Traffic circlesprevent through-traffic on the street from driving straight through the intersection by forcing drivers to alter their path of travel around the circle.

When considering neighborhood traffic circles as an intersection design treatment, the following points should be kept in mind:

  • Landscaping, public art, water fountains, and other treatments can be used in the center of the traffic circle to add aesthetic value to the street. While they certainly can be aesthetically very pleasing, the height of such treatments can impede visibility for pedestrians at the intersection as they try to cross the various legs of the street.
  • Nighttime lighting in residential neighborhoods is often intentionally darker than other arterial streets to accommodate local residents. This can make it difficult to clearly see neighborhood traffic circles as drivers approach the intersection. Raised cobble stone strips or other such raised pavement treatments in advance of the intersection can be an effective way to alert drivers to the approaching intersection treatment. Advanced signing located in areas of clear visibility are also important in this regard.
  • Intersections with high left turn volumes should not consider neighborhood traffic circles due to the awkward geometry constraining the left turn movements. Left turning vehicles tend to cut through the left side instead of driving around the circle.

Modern roundabouts can also be an effective traffic calming method for residential streets. Modern roundabouts are similar to neighborhood traffic circles only in that they also have a central island in the middle of the intersection. They differ substantially, however, on the size of that central island and in the curvature of the intersection approaches and intersection corners. These features are designed to promote the desired speed through the roundabout, in this case lower speeds. See Intersections for more details.

When considering traffic calming techniques, coordination with emergency services is very important. Traffic circles, speed bumps, chicanes, etc. can make it difficult for large vehicles such as fire trucks when responding to emergency situations. Location and design of these measures should consider emergency access.Traffic calming is encouraged, we simply need to coordinate implementation with emergency service providers.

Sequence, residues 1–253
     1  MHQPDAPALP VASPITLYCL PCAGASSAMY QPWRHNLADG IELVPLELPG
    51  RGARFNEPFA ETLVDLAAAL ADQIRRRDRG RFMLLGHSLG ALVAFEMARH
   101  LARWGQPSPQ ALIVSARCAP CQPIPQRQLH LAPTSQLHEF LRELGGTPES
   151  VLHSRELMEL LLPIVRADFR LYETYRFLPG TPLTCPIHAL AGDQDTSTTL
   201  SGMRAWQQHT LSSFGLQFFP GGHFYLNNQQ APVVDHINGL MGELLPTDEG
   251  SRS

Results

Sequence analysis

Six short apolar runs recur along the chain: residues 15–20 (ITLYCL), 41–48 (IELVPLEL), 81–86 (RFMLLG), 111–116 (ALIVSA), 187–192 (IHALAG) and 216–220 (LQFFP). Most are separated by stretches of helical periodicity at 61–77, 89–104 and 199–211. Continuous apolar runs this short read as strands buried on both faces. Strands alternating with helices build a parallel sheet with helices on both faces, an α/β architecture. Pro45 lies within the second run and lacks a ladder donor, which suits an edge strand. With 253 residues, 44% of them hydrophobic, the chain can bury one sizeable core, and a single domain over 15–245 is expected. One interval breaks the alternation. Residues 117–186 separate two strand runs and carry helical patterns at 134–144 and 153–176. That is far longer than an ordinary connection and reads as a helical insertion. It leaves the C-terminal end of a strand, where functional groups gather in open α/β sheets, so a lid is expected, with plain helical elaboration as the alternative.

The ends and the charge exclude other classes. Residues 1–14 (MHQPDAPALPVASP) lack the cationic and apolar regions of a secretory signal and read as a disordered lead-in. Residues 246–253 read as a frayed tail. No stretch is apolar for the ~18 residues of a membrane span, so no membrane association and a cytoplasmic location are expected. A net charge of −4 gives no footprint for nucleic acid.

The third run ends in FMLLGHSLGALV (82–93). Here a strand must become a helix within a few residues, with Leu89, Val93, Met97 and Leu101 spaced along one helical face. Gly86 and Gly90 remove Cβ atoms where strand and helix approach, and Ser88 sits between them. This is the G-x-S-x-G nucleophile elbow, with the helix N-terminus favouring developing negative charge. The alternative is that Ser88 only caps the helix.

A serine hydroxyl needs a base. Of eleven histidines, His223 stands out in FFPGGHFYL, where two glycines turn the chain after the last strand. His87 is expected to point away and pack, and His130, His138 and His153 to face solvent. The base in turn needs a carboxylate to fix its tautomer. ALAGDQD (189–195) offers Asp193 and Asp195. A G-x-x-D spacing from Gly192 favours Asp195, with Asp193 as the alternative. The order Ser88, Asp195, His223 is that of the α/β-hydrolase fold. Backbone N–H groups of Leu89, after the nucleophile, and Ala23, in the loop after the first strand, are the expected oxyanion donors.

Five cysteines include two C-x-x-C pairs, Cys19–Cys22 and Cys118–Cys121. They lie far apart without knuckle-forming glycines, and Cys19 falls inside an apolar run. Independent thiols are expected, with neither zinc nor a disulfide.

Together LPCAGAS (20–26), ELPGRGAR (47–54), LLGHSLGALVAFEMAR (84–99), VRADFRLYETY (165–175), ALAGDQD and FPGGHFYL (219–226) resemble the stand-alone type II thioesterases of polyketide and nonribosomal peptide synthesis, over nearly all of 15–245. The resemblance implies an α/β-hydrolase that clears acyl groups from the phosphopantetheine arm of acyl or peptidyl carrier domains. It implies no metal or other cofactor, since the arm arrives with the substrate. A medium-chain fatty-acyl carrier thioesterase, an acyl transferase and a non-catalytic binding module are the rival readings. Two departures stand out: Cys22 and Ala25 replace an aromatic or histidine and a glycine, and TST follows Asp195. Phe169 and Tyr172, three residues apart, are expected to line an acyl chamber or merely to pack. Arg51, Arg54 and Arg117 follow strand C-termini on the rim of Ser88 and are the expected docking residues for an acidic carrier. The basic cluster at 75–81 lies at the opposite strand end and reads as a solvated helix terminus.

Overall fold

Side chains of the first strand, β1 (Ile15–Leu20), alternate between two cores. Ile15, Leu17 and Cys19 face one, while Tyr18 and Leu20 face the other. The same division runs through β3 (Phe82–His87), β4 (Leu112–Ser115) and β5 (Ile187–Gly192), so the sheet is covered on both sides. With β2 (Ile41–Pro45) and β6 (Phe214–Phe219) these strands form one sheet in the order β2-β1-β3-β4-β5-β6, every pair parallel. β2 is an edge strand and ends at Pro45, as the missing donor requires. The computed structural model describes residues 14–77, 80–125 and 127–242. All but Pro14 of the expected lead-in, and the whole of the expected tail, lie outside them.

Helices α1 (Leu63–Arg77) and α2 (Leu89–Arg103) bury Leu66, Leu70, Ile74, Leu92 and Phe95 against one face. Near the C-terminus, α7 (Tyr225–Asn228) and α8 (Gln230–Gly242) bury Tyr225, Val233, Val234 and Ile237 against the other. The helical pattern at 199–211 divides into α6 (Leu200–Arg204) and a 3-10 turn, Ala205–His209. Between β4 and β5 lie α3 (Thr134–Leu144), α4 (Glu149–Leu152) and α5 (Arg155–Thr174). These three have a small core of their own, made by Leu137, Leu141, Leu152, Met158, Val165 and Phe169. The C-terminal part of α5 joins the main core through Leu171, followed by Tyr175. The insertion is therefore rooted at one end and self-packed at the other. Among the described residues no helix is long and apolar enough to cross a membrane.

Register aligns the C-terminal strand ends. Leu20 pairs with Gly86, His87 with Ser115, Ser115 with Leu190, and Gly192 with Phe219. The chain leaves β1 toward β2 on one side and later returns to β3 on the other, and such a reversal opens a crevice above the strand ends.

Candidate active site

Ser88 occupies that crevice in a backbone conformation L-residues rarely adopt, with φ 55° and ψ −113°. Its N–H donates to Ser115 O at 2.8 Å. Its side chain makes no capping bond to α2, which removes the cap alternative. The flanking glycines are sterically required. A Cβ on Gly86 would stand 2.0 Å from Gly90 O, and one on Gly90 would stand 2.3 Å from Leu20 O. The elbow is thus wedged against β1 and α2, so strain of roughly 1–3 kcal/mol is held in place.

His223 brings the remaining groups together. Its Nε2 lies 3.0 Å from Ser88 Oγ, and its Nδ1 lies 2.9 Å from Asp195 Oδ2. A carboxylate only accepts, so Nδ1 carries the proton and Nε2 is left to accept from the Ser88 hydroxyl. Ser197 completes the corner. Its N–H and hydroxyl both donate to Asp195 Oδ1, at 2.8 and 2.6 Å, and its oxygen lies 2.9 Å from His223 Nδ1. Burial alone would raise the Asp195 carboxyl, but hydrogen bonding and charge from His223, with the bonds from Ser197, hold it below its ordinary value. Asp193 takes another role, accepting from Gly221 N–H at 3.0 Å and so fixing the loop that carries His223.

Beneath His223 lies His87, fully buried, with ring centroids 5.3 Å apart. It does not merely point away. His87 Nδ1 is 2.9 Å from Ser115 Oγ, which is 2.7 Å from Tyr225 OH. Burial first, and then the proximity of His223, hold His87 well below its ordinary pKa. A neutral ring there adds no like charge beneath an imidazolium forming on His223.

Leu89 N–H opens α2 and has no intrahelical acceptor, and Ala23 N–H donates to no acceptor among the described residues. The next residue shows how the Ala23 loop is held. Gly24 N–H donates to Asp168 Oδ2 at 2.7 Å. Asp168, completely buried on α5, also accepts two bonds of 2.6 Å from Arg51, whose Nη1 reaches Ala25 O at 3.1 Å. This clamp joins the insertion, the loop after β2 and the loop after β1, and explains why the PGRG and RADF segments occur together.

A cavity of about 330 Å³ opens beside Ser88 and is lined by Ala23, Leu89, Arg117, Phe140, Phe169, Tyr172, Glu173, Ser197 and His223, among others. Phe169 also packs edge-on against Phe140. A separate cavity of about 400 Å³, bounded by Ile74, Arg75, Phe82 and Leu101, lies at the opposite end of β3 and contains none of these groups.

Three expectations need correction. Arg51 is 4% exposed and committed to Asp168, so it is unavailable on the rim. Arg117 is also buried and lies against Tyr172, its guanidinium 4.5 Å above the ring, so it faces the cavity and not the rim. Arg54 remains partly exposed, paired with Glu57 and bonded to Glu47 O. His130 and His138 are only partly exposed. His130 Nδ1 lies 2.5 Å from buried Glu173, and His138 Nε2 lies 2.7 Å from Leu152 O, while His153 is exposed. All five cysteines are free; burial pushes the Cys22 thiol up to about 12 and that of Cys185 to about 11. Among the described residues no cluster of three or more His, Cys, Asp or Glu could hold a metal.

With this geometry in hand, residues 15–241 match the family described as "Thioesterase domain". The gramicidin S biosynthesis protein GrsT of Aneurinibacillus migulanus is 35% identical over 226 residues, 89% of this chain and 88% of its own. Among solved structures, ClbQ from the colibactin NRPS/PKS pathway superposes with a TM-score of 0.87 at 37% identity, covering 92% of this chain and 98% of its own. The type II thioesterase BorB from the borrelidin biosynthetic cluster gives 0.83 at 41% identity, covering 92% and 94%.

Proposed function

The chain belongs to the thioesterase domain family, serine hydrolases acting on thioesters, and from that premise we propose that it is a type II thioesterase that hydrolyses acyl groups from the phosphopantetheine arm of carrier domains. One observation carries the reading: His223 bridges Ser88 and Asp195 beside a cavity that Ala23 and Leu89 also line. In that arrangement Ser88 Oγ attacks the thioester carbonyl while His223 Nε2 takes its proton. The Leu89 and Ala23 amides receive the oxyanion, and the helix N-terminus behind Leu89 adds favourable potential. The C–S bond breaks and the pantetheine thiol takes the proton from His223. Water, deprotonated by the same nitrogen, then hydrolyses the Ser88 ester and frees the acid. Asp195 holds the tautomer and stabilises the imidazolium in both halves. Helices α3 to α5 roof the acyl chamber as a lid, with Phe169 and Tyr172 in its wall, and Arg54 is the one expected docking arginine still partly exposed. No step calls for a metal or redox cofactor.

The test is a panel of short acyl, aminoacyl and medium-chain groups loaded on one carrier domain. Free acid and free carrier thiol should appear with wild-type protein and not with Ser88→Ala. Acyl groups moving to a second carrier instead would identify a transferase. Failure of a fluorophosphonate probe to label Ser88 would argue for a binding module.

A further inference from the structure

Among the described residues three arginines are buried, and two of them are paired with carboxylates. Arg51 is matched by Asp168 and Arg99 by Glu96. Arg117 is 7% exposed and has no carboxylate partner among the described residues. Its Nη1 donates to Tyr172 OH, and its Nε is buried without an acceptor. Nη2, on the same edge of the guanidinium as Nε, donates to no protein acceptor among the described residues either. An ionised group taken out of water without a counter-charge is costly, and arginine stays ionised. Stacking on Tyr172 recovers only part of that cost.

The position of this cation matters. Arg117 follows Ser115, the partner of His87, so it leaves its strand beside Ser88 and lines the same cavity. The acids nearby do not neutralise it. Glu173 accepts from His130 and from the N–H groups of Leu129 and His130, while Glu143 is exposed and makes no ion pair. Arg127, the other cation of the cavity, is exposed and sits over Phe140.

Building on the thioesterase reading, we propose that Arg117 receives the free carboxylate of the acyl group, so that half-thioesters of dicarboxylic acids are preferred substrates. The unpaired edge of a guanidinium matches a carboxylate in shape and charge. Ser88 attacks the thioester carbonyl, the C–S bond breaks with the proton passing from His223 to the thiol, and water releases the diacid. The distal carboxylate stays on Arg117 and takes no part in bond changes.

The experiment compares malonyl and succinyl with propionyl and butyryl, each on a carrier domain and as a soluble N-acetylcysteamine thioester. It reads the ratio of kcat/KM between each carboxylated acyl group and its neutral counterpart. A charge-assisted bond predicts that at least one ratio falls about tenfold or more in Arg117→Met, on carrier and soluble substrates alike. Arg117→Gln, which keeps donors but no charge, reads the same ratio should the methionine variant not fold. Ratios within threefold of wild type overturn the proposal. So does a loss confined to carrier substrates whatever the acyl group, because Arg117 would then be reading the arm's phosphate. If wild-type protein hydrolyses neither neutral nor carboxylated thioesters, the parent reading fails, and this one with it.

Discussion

If lower speeds are used in these place types, it is easier for drivers to perceive conflicts on the road ahead and react accordingly. The lower the speed, the less time and distance required to stop or slow down to avoid a potential conflict. Conflicts on the street are numerous in these place types, and they can be caused by vehicles entering or exiting the street from adjacent access points; by pedestrians unexpectedly entering the traveled way; by vehicles stopping to park or pulling out of parking stalls; buses pulling over at a stop or pulling out from a stop; or by other vehicles unexpectedly changing lanes in congested conditions. Again, lower speeds allow drivers to more safely navigate the myriad of conflicts that may present themselves at any given moment along streets in these place types.

There is often a misperception that slow speeds result in slower travel times along a given street. The travel time along thoroughfares, however, can only be as fast as the intersections (particularly the signalized intersections) allow. High posted speed limits will do nothing to improve travel time if there is significant delay experienced at the intersections. In fact, slower speeds along a streetcan contribute to improved overall travel times by allowing more time for better progression and coordination between signals.

For vehicles attempting to gain access from adjacent land uses and crossroads onto the respectivestreet (or vice versa), identifying an opening in the traffic stream to safely enter, exit, or cross (commonly referred to as gap selection) is of paramount importance. Drivers must be able to accurately assess whether an opening or "gap" is acceptable in order to safely navigate to and from the street. As speed increases, the number of acceptable gaps decreases and it becomes increasingly more difficult for drivers to identify safe gaps. Selecting the lowest practical design speed for these place types will maximize the ability of drivers to effectively assess gap acceptability, and as a result more safely enter and exit themain traffic stream.

There is a large amount of research that has been recently conducted on the correlation between lane width, speed, and substantive safety. The latest research suggests that for travel speeds equal to or less than 35 mph, there is no difference in substantive safety performance between lanes of 10', 11', and 12' wide. In other words, lane width has little effect on substantive safety in low-speed environments. Sinceresidential streets should typically be designed for speeds at or below 35 mph, this suggests that we have a fairly wide range of lane widths to choose from. Generally speaking, narrower lanes will encourage lower travel speeds and are therefore recommended for these place types. The site-specific characteristics will influence the choice between 10', 11', and 12' lanes. Narrower lanes also leave more r/w available for the areas "beyond the pavement", such as sidewalks, tree plantings, building frontages, etc. Converting a 4-lane section with 12-foot-wide lanes to 10-foot-wide lanes will provide a net gain of 8' in additional right-of-way for other uses.